In this post we learn about a simple Hi-Fi balanced microphone preamplifier circuit and also evaluate the calculations, specifications of the design through formulas.
What is a Balanced Preamplifier
A "balanced" amplifier or differential amplifier possesses not one but two distinct inputs and only the difference amongst these inputs is actually ampliﬁed.
To elucidate just how this performs please see the diagram that indicates a basic version of a balanced microphone preamplifier circuit. To help make the calculation less difficult we are going to cut down the gain to 9 simply by doing Rl = R4 = and R5 = Rl l = 9.
Typically the units aren't critical. just the proportions are. We are going to commence the justification by exploring the situation wherein input with R1 is at 0V and input with R4 is at + l00mV.
How the Circuits Works
An perfect amplifier will do a couple of stuffs - it will not take virtually any current into the input pins and it keep the output unaffected regardless of any voltage variations at the input pins.
We therefore will need to have 100mV through R4 and therefore a voltage of 900mV around R11 (it possesses 9 times the resistance and the exact same current like R4). This offers us a gain of nine. The output is for that reason -900mV. In the circumstance any time point A reaches 0V and point B is in +100mV. point D is going to be at
VB x R5/(R1 + R9) = 90mV
As a result point C will in addition be at +90mV. The voltage around R4 will probably be 90mV and voltage around Rl is going to be 810mV (9 x 90mV).
This implies the output voltage ought to be +900mV. Also this is with gain of nine. Observe even so that the polarity (or phase) is not equal. At this point imagine both inputs are at say + 1V, point D will probably be at +900mV and thus will point C.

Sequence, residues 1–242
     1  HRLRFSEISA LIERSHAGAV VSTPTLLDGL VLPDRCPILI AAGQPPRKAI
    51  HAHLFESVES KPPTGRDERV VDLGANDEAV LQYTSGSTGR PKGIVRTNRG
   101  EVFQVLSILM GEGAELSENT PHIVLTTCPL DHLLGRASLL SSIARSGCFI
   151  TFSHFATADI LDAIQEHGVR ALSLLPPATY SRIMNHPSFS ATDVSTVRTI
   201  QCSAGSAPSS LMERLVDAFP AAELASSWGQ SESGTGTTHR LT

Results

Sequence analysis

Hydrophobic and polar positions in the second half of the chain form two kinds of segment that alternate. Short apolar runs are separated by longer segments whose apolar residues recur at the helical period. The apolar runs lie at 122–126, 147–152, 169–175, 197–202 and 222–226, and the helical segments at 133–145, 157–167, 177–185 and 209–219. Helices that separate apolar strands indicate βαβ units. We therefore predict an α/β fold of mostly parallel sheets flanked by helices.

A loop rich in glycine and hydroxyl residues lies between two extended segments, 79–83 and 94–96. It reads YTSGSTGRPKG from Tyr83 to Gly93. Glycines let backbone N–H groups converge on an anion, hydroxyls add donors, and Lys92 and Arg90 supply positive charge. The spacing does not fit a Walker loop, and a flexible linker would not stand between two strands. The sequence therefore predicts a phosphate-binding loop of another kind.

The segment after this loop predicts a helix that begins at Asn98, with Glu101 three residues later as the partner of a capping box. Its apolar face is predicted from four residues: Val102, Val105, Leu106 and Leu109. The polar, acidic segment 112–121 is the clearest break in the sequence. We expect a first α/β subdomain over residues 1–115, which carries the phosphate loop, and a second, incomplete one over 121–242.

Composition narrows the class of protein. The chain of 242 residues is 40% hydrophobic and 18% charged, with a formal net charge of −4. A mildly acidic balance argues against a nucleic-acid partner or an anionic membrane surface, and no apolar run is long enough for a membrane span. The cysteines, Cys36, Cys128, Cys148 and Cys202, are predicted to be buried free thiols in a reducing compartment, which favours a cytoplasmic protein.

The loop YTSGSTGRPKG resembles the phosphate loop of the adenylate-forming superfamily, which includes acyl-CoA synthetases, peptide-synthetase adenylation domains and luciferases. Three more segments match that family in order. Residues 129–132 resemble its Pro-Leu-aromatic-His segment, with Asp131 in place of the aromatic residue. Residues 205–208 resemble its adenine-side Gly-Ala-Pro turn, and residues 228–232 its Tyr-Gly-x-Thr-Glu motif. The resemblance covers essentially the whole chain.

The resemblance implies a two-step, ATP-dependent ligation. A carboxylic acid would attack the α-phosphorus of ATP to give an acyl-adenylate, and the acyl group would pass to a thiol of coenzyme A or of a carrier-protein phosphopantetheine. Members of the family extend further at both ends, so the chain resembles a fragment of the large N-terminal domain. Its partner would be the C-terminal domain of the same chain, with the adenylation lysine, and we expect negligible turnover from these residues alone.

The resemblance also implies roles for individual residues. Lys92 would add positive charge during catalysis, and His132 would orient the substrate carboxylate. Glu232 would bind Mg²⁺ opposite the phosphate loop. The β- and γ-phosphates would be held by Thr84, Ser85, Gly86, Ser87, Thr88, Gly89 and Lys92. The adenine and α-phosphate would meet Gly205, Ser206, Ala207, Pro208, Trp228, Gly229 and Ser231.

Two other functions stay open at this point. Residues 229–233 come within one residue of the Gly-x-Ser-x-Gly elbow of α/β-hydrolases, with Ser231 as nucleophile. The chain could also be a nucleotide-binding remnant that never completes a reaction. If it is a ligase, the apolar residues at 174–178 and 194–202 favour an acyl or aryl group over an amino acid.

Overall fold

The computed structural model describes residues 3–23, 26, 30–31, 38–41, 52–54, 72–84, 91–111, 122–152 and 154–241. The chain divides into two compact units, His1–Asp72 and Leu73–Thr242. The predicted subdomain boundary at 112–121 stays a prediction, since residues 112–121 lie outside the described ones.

The voltage through R4 is l00mV and R11 900mV This provides an output voltage of (1V The common signal is just not amplified by any means In case however, one input (B) reaches IV and the other (A) was at l.0lV the difference is amplified and the output will probably be -lV.
Returning to the specific circuit, we have employed an LM301A with a pair of low-noise transistors in the front stage.
These transistors come with a constant current through Q3 and Q4. A constant current is necessary because enables the inputs to increase and down without transforming the voltage around R6 or R7
The resistor R2 and R3 relate the inputs to UV are usually high enough never to impact the functioning in the slightest
Parts List for Balanced Microphone Pre-Amplifier Circuit
- R1, R4 = 330
- R2,R3, R6, R7, R8 = 10K
- R5 = 33K
- R9 = 3K3
- R10, R11 = 33K
- R12 = 1K
- C1 = 1nF C2,
- C3 = 33uF/25V
- C4, C7 = 10uF/25V
- C5 = 33pF
- C6 = 100nF
- Q1, Q4 = BC109C
- IC1 = LM301A
Frequency Response: 10Hz - 20kHz (<5V output) +0/ -3dB
Equivalent Input Noise: -123dB (0.5uV)
Distortion: 0.05%, 300mV - 5V output, 100Hz - 10kHz
Max Input Voltage: 100mV
Common Mode Rejection Ratio: 60dB
Maximum Common Mode Signal: 3V
Another Design using IC LM833
The LM833, a dual low-noise, high-performance op-amp from National Semiconductors, serves as a superb choice for constructing a balanced microphone preamplifier.
This circuit is designed to work seamlessly with standard 600 Ohm balanced microphones and delivers an approximate gain of 40 dB.
For the output stage, one op-amp from another LM833 is utilized, specifically IC2A. To safeguard IC2A against output shorts, R12 is incorporated into the design. To ensure minimal noise, it is advisable to use metal film resistors